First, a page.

LIB

Richard Reid Dobell (Minister Without Portfolio)

Liberal

Hon. R. R. DOBELL.

In answer to the hon. gentleman, I have to say that the statement attributed to me is substantially correct. In reference to the conscientious scruples, I may say that I do not consider that they are matters for the consideration of this House. [DOT]

Topic:   QUESTIONS.
Subtopic:   THE PLAINS OP ABRAHAM.
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THE CENSUS-ISSUE OF CIRCULAR.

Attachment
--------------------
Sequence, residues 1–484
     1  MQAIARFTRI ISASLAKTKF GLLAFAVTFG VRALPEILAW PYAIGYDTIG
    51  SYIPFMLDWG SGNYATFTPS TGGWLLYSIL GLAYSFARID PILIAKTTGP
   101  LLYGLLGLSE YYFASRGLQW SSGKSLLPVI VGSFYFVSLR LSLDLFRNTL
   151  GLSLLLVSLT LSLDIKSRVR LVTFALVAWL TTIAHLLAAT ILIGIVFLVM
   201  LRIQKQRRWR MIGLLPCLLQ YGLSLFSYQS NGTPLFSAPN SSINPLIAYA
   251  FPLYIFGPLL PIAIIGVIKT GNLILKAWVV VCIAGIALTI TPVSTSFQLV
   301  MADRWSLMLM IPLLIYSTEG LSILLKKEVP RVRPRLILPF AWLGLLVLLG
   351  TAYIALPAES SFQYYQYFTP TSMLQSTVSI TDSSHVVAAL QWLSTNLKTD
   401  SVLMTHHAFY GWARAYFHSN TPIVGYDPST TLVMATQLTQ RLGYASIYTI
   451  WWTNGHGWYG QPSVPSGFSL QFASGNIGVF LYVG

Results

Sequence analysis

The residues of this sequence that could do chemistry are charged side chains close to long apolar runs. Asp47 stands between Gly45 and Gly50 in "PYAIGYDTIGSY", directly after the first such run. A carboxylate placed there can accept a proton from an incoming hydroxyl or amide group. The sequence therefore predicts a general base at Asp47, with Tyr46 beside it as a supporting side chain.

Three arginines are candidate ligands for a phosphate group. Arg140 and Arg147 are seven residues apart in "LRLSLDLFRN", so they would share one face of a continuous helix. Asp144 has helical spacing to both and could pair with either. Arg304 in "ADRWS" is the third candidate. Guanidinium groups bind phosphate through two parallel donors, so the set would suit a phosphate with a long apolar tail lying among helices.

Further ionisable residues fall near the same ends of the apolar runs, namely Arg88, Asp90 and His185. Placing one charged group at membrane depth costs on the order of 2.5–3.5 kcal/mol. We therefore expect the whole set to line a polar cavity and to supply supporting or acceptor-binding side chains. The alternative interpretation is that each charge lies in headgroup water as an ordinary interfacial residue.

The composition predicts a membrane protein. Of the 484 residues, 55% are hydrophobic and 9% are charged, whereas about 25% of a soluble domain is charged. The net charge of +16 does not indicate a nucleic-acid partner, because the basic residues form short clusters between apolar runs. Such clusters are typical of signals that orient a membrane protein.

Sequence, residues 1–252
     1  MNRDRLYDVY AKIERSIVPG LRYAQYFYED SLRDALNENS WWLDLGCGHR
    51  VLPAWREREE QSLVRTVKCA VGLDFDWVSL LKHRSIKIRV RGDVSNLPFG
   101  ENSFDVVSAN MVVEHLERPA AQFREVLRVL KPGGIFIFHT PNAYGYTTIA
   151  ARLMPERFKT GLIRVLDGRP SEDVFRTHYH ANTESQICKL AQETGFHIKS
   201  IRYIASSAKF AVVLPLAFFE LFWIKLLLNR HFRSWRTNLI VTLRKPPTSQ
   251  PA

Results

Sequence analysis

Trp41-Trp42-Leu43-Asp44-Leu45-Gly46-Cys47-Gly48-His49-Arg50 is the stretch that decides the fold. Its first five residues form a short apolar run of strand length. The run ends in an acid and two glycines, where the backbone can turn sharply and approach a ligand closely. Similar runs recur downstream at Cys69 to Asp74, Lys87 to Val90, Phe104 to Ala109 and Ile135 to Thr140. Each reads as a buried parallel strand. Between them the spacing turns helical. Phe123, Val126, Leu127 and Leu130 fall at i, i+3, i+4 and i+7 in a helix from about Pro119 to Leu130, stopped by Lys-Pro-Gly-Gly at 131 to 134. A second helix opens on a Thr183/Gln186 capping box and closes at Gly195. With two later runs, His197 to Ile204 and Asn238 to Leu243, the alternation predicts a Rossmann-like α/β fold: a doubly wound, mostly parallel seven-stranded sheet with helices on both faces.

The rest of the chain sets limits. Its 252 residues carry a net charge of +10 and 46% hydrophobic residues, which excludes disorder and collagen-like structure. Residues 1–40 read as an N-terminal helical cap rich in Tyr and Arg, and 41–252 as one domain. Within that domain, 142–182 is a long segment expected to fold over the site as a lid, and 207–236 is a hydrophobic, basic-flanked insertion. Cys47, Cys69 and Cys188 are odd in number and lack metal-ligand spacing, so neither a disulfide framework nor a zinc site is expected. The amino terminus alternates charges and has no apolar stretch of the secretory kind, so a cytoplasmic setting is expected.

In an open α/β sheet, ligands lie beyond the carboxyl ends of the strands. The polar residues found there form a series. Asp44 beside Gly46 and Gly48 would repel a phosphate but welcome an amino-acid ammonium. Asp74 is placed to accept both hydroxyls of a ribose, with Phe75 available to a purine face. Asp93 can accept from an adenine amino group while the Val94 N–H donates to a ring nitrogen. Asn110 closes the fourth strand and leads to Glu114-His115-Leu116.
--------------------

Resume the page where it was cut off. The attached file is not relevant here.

Mr. N O RTHR U P-by Mr. Ivaulbach- asked : 1. Is the following a true translation, or practically so, of a circular issued by Thomas Cotd, assistant census commissioner :- (Confidential.) Census Bureau, Ottawa, 1st March, 1901. Dear Sir,-I take the liberty of writing to you to-day for the purpose of discussing matters connected with the census. As you already know, the fourth decennial census of Canada will begin on the 1st of April next, and will continue during the two or three following weeks. As you also know, the object of the census is to ascertain as exactly as possible the number of the population, and of the resources of the country, and thereby to give a true idea of its relative position among nations. To attain this object, that is to say, to know as correctly as possible the number of the population and resources of the country, it is necessary that the citizens of the country in which the census is taken should contribute by their influence, by their words, and by their example to the success of the common work. This leads me, sir, to ask you to aid us in making this census as complete and as exact as possible in your locality. You are probably aware that on the occasion of each former census many citizens of this country imagined that the census was for the purpose of imposing additional taxes, and for the purpose of enrolling Mr. NORTHRUP. their children for foreign wars. That was a complete mistake, for the results which the census furnishes have not for their object the imposition of new taxes, but are, on the contrary, directly connected with the administrative science which presupposes a general knowledge of needs and means, defects and advantages, of the country in which the census is taken, all of which is to be presented in a numerical form. Does Not Mean Conscription. Neither is it reasonable to fear that the census has for its aim the enrolment of any citizen of the country for any war. The military service which a certain number of Canadians recently performed in South Africa was, as you know, purely voluntary, and there was no power in the world capable of enforcing any one to go there unless it was his own desire to do so. There is also another error into which a certain number of our compatriots have fallen : that is to imagine that the census tables, or rather the information furnished the enumerators could serve them as an advertisement, or could be used in any way to their detriment. The real truth, however, is that these tables are never seen, except by the officers whose duty it is to make the census. These officers are bound by their oath of office not to divulge any information concering individuals, and besides, as you may well believe, I am sure that not four-fifths of the enumerators have any leisure to give attention to the personal information which they have obtained in going from house to house and interrogating the citi-zeus. Some people have also, in certain cases, objected to give their names to the enumerators. Names are taken purely and simply as a guarantee of the truth of the information furnished, and in order to afford a check upon the information as written down. There is another thing to which I particularly desire to draw your attention, and that is the peculiar situation of the groups of French families in your district. In the census of 1891, the people of French origin in the maritime provinces, in Manitoba, the North-west Territories, and in Ontario, did not receive justice. A large number of citizens of French origin were enumerated in the census of 1891 as being of English origin. English-speaking French. The true cause of this injustice has never been thoroughly known. Perhaps it was owing to the fact that a large number of our compatriots in the provinces above named, and especially in your locality, do not now speak French, and even in some cases have changed their names. When the enumerator went to their houses in 1891 they answered, no doubt, without reflection, that speaking only English, they should be enumerated as forming a part of the population of English origin. That is no reason, however, why citizens who are really of French origin should be enumerated as such. I have reason to believe that there will be fewer errors this year than in the past, on account of the changes which have been made in the census tables. But will you permit me to ask you to exercise your influence on all citizens of French origin whom you know, in order that they may answer accurately and correctly the census officials. See that they do not forget to declare that they are really of French origin, although they may not now speak French, and although they may have changed their names, as, for example, in the case of those named Poirier, who now call themselves Perry ; those named Leblanc, who now call themselves White, &c. Will you permit me also to ask you to give these instructions, and these explanations, to all citizens of French origin whom you know. Will you be good enough to advise your people to answer correctly the questions which will be put to them by the enumerators, assuring them that they need fear no increase of taxes, since the census has not this object in view ; and also not to hesitate to make known the real value of their properties. But above all, insist, I beg of you, that the true origin of all our compatriots may be correctly registered by the census officials. I have the honour to be, sir, Your obedient servant, THOMAS COTE, Assistant Census Commissioner. 2. If so, how many such circulars were issued, giving the number sent to each province ? 3. Were such circulars sent out under the frank of the Minister of Public Works ? 4. Were such circulars sent out under the instructions of the government ?